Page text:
Earlier this year Doug Aitken debuted “Mirage,” a site-specific installation in California’s Palisades Desert. The structure, an all-mirrored house, reflects the landscape’s vegetation—shrubs, rocks, and sand—creating a fluid relationship between the man-made and the natural. In his latest work, “The Garden,” the artist continues to explore the dichotomy between these two environments—this time, with a big stick.
Doug Aitken’s Garden of Destruction
The artist offers a verdant course in anger management at a Denmark museum.By Renata Mosci June 05, 2017
Inside an industrial warehouse, viewers are greeted by a tropical garden surrounding a bulletproof glass room with modern furniture: chairs, beds, and tables. The installation is activated by the viewer, who is invited to spend 10 minutes in the cube with a baton. Once inside, they are free to release their emotions by banging, smashing, and breaking any object in sight. Their rage becomes the center-piece of the installation, as the audience on the other side of the glass gathers to watch the destruction at play. In this way, the room functions as a sort of voyeuristic anger chamber.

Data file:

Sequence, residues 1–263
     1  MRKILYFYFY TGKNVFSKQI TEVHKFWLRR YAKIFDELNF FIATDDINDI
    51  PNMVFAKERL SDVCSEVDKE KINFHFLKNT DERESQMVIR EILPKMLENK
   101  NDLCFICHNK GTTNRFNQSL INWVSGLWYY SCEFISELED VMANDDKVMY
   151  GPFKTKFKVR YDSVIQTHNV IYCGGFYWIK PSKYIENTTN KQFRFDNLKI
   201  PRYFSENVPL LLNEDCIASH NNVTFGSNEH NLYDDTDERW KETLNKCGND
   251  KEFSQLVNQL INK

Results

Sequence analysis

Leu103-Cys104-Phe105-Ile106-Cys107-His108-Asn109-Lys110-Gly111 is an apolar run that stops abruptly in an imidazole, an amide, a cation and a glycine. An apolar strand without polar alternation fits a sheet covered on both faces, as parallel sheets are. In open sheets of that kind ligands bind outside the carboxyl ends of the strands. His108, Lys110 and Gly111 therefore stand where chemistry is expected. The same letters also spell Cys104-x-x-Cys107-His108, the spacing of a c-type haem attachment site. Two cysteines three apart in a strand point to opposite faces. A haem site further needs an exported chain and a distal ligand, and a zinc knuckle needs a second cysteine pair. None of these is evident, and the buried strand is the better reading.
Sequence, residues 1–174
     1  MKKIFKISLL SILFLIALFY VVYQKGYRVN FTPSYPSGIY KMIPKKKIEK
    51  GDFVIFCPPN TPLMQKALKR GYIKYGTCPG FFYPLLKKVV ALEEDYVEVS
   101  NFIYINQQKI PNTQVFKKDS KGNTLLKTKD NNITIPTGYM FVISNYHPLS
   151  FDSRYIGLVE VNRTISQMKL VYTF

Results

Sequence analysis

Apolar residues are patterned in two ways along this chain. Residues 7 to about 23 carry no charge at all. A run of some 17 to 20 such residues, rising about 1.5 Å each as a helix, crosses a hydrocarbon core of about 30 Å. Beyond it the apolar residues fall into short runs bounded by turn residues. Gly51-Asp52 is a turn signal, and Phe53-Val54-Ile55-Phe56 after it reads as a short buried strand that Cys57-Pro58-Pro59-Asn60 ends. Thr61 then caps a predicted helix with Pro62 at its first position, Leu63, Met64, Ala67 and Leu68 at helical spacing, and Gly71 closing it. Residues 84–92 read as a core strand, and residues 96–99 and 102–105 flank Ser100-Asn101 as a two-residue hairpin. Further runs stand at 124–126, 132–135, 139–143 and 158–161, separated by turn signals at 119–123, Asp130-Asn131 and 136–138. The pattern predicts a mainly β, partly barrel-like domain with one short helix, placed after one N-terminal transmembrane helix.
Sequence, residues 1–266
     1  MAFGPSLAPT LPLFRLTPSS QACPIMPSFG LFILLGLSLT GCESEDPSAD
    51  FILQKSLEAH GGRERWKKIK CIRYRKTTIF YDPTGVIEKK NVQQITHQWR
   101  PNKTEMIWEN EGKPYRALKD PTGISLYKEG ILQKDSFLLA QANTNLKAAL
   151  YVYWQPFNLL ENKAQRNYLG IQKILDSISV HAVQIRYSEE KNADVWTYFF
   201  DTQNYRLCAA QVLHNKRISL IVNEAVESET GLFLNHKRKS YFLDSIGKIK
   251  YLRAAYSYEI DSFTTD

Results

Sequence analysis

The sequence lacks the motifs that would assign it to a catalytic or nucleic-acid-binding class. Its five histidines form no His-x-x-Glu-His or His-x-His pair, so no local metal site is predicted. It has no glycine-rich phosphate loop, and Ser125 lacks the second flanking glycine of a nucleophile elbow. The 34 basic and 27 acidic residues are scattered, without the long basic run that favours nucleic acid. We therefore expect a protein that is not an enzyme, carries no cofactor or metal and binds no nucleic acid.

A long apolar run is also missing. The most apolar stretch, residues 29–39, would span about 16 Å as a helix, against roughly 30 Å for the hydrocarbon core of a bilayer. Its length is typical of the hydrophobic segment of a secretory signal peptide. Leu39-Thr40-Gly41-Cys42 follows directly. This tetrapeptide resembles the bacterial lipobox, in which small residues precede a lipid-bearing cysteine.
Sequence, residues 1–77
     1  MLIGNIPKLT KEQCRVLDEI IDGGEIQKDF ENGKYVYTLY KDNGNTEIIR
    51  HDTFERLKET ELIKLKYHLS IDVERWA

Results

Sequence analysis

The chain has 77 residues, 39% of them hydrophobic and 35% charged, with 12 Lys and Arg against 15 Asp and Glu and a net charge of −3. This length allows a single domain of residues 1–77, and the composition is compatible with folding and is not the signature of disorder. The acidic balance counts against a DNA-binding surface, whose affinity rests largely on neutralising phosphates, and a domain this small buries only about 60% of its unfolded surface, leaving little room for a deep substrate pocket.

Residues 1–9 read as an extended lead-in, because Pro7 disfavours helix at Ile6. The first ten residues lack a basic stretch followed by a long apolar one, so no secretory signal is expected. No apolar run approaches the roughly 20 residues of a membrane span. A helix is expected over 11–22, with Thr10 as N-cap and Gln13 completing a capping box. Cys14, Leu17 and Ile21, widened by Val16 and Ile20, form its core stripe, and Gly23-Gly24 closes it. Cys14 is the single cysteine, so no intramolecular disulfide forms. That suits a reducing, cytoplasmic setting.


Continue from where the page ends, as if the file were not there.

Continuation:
“It’s a release of and from the modern environment” explains Aitken. “This project fuses nature with a sterilized modernized environment and breaks down the barriers between nature and mechanization.” Aitken’s installation is part of the first ARoS Triennial at the Aarhus Art Museum in Denmark, which in this edition explores the past, present, and future through the relationship between man and nature. It will be on view through July 30.